Frieze Masters 2021: Spotlight: A. Ramachandran: A Victorious Storm

Regent's Park, London, 13 - 17 October 2021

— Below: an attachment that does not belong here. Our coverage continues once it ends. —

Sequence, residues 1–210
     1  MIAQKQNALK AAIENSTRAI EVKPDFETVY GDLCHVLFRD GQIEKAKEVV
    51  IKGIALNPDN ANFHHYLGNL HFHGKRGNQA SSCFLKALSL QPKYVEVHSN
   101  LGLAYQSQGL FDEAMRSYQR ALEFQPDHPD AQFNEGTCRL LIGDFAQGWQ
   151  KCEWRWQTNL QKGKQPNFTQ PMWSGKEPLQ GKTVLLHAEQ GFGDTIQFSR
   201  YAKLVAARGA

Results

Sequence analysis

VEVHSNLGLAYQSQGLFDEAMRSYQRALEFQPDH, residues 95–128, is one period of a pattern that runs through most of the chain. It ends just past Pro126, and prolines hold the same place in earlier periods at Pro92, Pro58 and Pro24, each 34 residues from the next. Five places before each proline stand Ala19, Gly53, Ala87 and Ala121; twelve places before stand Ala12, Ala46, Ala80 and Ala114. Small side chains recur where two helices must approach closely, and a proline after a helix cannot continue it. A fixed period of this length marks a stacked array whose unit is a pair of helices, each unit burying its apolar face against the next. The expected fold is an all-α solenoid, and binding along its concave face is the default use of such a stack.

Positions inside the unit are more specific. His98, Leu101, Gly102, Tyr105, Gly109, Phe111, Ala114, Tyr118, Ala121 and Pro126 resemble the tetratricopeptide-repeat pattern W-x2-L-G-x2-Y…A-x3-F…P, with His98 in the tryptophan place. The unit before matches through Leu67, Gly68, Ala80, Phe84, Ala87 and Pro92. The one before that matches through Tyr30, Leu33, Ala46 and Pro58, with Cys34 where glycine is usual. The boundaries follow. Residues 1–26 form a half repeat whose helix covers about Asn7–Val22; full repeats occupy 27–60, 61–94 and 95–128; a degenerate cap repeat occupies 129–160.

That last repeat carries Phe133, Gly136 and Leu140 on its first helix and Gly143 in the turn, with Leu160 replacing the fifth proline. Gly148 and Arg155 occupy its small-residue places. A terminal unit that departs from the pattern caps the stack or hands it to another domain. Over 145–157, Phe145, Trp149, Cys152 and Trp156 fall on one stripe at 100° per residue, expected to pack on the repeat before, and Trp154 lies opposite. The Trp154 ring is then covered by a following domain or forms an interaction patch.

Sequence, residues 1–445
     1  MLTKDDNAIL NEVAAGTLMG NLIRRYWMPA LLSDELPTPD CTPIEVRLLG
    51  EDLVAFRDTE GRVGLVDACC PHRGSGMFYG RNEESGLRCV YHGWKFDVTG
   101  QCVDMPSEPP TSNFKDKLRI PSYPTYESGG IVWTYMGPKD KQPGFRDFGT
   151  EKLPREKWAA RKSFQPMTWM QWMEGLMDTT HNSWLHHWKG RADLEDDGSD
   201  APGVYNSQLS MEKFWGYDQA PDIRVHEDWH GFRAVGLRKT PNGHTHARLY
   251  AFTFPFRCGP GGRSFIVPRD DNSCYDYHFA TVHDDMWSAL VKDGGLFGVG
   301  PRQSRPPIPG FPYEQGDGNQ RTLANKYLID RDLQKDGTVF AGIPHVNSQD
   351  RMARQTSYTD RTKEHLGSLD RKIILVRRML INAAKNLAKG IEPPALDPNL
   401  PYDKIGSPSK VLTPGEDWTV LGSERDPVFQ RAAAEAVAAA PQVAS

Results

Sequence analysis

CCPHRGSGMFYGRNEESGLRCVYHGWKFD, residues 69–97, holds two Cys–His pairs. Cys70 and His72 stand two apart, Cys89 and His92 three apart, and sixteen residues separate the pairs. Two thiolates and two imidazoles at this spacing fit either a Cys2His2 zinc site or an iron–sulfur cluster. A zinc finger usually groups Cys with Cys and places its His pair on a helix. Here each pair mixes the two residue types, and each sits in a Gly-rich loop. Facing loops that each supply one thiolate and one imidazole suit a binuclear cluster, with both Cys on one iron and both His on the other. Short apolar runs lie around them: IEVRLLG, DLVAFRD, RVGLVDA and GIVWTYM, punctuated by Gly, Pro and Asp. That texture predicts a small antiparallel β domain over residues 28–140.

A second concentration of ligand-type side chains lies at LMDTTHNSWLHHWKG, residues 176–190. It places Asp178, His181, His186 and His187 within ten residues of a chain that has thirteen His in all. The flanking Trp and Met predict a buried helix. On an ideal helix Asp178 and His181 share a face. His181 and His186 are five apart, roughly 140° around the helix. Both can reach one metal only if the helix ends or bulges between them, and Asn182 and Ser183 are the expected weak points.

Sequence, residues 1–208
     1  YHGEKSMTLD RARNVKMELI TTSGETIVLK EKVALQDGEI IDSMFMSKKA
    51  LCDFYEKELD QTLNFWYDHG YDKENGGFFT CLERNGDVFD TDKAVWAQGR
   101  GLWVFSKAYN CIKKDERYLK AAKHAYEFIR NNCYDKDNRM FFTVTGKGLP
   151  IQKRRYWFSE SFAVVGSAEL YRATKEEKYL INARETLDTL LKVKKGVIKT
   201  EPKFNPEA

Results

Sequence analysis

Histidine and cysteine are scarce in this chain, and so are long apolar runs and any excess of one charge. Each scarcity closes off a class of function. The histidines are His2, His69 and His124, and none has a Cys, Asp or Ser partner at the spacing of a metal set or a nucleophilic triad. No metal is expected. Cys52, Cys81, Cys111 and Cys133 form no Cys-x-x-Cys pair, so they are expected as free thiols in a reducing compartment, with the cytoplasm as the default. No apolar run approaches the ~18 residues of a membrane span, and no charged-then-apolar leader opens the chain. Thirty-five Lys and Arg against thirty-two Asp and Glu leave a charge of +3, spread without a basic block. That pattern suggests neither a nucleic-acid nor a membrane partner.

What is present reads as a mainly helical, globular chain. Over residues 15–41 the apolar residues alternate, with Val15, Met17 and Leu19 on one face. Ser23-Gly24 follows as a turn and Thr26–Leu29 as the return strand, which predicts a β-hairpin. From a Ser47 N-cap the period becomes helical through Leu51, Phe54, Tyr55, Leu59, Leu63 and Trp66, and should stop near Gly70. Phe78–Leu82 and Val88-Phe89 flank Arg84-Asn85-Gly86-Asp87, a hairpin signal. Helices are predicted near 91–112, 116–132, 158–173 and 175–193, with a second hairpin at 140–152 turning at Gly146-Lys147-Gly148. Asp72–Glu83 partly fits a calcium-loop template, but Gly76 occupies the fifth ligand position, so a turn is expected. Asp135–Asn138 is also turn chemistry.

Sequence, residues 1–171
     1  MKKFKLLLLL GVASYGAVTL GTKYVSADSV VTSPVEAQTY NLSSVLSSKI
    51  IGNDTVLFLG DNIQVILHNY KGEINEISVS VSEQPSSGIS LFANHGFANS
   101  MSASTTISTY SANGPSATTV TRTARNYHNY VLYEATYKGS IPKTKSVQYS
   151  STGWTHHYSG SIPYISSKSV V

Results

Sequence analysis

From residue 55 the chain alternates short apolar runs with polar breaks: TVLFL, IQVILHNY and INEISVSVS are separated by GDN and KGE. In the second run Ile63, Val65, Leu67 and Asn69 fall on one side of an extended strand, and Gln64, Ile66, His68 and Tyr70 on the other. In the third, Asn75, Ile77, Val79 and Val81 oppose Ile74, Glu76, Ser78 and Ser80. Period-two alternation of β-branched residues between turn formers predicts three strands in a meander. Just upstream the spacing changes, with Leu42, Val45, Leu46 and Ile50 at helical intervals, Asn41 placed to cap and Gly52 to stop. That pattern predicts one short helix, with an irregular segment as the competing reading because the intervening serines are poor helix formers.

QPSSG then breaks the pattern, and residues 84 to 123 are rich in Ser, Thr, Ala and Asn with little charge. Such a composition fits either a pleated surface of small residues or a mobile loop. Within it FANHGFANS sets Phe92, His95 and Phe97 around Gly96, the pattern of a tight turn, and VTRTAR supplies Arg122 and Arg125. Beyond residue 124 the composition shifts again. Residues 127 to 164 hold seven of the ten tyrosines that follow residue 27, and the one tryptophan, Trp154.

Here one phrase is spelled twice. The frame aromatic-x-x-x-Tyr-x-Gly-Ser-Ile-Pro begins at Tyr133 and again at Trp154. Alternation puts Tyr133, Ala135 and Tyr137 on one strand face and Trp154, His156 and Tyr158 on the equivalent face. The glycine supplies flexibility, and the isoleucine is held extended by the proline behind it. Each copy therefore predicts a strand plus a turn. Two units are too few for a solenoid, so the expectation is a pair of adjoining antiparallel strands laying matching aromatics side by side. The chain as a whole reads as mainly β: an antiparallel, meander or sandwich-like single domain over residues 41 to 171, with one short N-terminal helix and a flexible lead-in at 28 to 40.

A Victorious Storm: Early Works by A. Ramachandran highlights important works from Ramachandran’s early years before his artistic style underwent an iconic change, and is an unexpected yet powerfully resonant facet of the artist’s oeuvre. Indian art historian and critic R. Siva Kumar has called drawing the ‘handmaiden to the arts’, and in conjunction with his decades-long relationship with renowned Indian modernist A. Ramachandran, refers to drawing as a self-referential record-keeping – a birthing of the self. As a painter, Ramachandran is cherished for the ‘public’ scale of his paintings and murals, beset with an outward albeit sensitive conditioning towards his pastoral protagonists and his fluency with the natural elements. His drawings, however, are diarist renditions of self-discovery, where larger reflections of the world and its immensity must necessarily fragment into smaller images, over time transforming expression into vocabulary. Of particular interest are Ramachandran’s early drawings and etchings from the 1960s, paired against his oils on canvas from the same decade, which were a young man’s frenetic and anxious response to human suffering, revealing line as a personal property of his later and more public works. If painting is the pulpit and drawing is the diary, Ramachandran writes: ‘Just as a blind man comprehends his world through the sense of touch, I comprehend my world through the act of drawing.’ Using his sadhana, or the discipline of concentration, to improvise expression from observation, Ramachandran’s self-confessional early drawings suggest an angst-ridden, non-ascetic encounter with the perceived world. Informed by melancholic, Romantic ideas of the artist figure in historical Santiniketan, this period of work is an unexpected precursor to his later more tranquil visual language.